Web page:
BARCELONA, Nov 20 (Reuters) - Fresh from stunning its rivals in the battle to show European Champions League soccer, British telecoms group BT will be in a strong financial position to bid for the next round of English Premier League rights, its chief executive said on Wednesday.
BT, the once-staid 168-year-old telecoms operator, said earlier this month it had out-bid pay-TV group BSkyB and free-to-air broadcaster ITV to show Europe’s premier soccer competition from 2015 to 2018.
The news, and the fact BT was willing to pay more than double the price of the previous contract, wiped more than 1.5 billion pounds ($2.43 billion) off the market value of the Rupert Murdoch-founded company, and showed that BT had arrived as a proper challenger to the UK’s dominant pay-TV provider.
It also focused attention on whether BSkyB, which built its business on the back of acquiring the most attractive sports programming, will be able to maintain its grip on the majority of live Premier League matches when they come up for auction.
“Because we’ve got this strong base in European football, on an exclusive basis it gives us that little bit more flexibility,” Chief Executive Gavin Patterson told the annual Morgan Stanley Technology, Media and Telecoms investor conference in Barcelona, when asked how he would approach the next round of bidding for domestic rights, expected in 2015.
Ominously for rivals Patterson also noted that the group was likely to be nearing the end of its more than 3 billion-pound ($5 billion) fibre build-out programme by the time the next auction begins.
“The business is in a much stronger financial shape, it’s generating a lot of cash,” he said. “It’s at a point where it can afford to take choices because it will also be getting towards the end of the fibre roll-out.”
BT currently owns the rights to show 38 live Premier League matches a season, compared with the 116 games shown by the satellite group.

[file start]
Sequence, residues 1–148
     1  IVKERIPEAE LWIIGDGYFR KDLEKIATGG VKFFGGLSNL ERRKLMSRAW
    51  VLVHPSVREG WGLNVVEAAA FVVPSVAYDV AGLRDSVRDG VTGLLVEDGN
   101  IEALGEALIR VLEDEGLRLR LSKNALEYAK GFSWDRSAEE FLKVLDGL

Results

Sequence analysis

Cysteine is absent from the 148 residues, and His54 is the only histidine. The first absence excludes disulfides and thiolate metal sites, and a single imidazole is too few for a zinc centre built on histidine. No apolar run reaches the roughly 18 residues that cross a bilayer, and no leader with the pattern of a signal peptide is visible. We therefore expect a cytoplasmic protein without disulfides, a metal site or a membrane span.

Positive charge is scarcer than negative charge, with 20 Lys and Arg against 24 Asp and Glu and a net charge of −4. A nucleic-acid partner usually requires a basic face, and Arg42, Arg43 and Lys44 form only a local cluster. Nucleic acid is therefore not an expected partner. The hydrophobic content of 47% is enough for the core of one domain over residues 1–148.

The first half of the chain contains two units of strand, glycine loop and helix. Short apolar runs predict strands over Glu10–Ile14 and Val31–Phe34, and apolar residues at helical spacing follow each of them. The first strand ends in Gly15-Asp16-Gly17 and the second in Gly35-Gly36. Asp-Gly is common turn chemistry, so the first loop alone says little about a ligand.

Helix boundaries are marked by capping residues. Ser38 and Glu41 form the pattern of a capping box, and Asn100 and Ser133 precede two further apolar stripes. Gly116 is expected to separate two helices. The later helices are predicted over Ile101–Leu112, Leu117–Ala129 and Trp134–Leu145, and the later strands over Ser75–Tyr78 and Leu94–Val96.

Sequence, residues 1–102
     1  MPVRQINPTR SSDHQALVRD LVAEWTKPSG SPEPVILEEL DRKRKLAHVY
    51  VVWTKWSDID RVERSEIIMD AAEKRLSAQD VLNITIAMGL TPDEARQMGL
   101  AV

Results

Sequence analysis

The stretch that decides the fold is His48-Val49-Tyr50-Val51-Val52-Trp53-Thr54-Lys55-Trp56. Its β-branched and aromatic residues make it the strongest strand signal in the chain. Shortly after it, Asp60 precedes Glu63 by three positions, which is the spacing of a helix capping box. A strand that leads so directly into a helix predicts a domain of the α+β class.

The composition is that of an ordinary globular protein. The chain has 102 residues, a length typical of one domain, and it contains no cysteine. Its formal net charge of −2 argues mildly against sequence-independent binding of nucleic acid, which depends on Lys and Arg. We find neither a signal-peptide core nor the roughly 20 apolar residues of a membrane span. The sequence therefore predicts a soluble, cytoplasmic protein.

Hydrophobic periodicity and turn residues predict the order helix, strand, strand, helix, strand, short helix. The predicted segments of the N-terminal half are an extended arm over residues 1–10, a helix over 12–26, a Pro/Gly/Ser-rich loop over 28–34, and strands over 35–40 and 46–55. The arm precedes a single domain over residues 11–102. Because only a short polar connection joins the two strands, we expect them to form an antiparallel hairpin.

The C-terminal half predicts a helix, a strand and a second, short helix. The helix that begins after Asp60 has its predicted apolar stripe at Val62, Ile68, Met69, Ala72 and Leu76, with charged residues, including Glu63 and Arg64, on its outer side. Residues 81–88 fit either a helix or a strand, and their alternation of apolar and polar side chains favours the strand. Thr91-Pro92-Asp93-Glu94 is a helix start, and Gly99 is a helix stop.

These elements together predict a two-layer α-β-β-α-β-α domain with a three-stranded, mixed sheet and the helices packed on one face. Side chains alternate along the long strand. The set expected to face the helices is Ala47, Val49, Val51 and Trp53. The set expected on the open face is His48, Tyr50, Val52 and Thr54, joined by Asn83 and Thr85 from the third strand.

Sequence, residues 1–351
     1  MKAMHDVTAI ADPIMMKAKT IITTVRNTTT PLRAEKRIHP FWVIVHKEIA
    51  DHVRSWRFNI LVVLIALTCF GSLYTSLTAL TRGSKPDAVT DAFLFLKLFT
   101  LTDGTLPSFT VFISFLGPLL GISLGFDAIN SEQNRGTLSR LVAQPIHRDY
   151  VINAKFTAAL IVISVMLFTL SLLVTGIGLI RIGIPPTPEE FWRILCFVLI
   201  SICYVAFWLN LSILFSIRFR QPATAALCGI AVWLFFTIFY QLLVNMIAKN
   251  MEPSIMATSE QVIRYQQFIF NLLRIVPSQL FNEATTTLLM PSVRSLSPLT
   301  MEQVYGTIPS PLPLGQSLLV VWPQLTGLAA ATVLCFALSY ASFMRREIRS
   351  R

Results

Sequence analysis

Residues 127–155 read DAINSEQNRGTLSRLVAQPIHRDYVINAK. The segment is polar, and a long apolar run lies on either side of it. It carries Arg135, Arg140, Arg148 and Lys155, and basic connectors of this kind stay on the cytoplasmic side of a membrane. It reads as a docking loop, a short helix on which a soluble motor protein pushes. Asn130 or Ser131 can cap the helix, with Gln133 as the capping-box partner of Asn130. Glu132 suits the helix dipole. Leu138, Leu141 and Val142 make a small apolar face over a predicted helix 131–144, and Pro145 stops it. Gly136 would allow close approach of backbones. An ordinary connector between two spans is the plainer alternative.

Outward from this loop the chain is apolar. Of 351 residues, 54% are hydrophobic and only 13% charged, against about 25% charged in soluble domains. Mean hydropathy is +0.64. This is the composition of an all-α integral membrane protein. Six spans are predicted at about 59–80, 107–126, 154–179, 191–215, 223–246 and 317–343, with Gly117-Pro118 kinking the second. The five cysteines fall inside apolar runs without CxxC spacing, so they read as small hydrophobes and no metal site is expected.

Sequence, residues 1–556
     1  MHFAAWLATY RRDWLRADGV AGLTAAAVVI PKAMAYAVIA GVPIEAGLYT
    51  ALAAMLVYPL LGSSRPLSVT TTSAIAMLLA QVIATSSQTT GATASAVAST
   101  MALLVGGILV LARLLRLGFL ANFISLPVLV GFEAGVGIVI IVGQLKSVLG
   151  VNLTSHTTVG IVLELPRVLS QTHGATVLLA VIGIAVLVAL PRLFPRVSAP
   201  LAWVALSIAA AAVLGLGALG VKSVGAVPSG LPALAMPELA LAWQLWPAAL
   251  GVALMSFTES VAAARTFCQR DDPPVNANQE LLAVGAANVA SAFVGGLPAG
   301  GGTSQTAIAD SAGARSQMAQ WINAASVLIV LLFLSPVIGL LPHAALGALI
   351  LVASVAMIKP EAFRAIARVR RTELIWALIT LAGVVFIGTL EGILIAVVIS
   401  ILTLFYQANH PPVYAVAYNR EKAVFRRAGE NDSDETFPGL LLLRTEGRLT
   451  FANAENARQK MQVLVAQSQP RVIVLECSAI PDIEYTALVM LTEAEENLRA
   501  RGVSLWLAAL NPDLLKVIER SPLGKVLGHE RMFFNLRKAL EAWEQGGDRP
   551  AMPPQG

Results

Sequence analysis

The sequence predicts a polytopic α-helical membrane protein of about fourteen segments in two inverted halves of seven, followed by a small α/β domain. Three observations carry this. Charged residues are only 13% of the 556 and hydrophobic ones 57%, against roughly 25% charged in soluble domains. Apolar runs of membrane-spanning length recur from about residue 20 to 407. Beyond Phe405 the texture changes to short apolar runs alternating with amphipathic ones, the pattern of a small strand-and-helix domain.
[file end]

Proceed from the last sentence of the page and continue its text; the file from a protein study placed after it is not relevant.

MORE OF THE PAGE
BT, which spent years slashing costs and cutting staff after two major profit warnings in 2008 and 2009, is offering sports for free to broadband customers in a bid to protect its core business. Patterson said, however, that customers wanting to watch the Champions League matches would have to pay a modest subscription.
Speaking at the same conference, the heads of BSkyB and ITV said they would reinvest the money they would now no longer be paying for the mid-week European matches, and sought to play down the effect the loss of the likes of Manchester United versus Barcelona would have on their businesses.
Jeremy Darroch, chief executive of BSkyB since December 2007, said the group had broadened out in recent years to broadcast in more than 10 million homes, offering movies, entertainment, a range of sports and a platform that enables viewers to catch up on programming when they want.
He said Champions League programming accounted for less than 3 percent of viewing on Sky Sports and said there was a limit to how much people would pay.
He noted, however, that he would be keen to agree a mutual wholesale deal with BT, where both would carry the channels of their rivals on their own platforms so customers at both groups could access the full range of live sports programming.
ITV Chief Executive Adam Crozier said the Tuesday night Champions League game had accounted for less than 1 percent of viewing on its channels, and although the final may draw in more than 8 million viewers, an average Champions League game attracts between 3.5 and 4 million viewers.
“We have factual programmes that will do those kind of audiences at a fraction of the cost,” he said. “We would have liked to have it, but not at any price, I‘m very clear about that.”